6. It’s interesting and important how much of these problems wouldn’t exist, or would be far less, if we had really strong public campaign finance and corporate contribution limits.

    (Tremendously increased public campaign finance could be done by the President and Congress; strong contribution limits may require a replacement of one of the Republican Supreme Court justices or an amendment, although some creative legislation could be effective in substantially limiting the power of corporate spending)

    A lot of times the most powerful way to tackle a problem is indirectly (or a combination of directly and indirectly). Some of the best things we could do to tackle great issues like finance reform and global warming are indirect, politically structural, things like abolishing the filibuster, tremendously increasing public campaign finance, and ending or greatly limiting corporate campaign spending, or at least making it a lot more transparent and difficult.

  7. Without addressing energy consumption in particular – and the bad habit of living beyond our means in every sense – the next deleveraging leg is already upon us. This is the result of dollar hardening around the high – but pretty, pretty please no higher – price of crude.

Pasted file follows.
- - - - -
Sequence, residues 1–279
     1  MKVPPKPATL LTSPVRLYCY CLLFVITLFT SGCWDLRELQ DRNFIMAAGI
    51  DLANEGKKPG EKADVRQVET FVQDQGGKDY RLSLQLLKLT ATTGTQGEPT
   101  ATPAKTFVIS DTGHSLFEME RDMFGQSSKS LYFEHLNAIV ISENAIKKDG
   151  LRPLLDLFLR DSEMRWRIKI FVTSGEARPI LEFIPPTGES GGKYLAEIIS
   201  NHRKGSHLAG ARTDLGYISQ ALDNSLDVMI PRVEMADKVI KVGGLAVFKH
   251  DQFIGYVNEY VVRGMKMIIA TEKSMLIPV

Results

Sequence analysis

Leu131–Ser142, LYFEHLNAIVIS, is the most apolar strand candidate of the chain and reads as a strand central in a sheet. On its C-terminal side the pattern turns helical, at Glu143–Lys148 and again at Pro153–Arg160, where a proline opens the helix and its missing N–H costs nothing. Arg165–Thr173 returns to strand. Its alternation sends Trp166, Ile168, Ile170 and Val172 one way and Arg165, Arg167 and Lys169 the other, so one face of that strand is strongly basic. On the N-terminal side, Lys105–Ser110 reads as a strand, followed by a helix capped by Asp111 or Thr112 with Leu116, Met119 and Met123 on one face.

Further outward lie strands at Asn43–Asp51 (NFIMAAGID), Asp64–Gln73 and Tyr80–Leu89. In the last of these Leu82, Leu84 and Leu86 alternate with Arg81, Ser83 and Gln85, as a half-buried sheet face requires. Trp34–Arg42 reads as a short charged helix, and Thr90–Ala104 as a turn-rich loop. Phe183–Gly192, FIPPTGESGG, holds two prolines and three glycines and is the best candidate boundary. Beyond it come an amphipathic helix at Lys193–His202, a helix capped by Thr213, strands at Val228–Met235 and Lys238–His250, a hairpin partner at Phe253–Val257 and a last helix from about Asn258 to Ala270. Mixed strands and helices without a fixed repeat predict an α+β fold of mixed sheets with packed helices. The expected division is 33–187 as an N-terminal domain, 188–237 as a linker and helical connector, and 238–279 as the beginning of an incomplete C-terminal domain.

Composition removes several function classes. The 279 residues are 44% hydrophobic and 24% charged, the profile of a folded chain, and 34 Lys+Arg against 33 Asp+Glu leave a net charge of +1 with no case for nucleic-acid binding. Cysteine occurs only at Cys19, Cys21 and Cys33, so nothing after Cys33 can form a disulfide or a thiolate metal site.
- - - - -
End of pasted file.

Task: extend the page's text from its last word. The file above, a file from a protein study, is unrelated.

A dollar pegged to crude is the last thing the finance universe can deal with and the effects are being manifest in the Eurozone and in China. All bubbles are wealth hedges against rising input costs – including but not limited to (real) credit and energy costs. In the end the hedges fail with the stumbling block being deflationary currency ‘worth’.

    Unfortunately, resource constraints and the effects of depletion are not to be regulated around. Because of politics and inertia nothing will be attempted to address core issues until after the next crashing event is well underway. By then, it will be too late and resource conservation will be effected upon (the survivors) by circumstance.

    The overhang of non- collectible debt represents the potential energy factor available to smash the current, weakened finance infrastructure. Deleveraging can be an outcome of hard money on one hand or the rising tide of ‘repudiationism’, where loan obligations become options for suckers and trust vanishes. Repudiationism is a manifestation of currency preference over credit, although repudiation coupled with vacation spending is somewhat bizarre.

    One of the characteristics of this crisis is what I call the, “Nobody listens to me I’m an idiot” effect. Read Stiglitz, James Grant, D’Arista, Prechter, Schiff, Minsky, Henry Kaufmann – and particularly M. King Hubbert – the outlines of the current mess were relatively clear decades ago.

    But … nobody paid attention. Why start now?

  8. Pingback: » Blog Archive » HERESTHETICS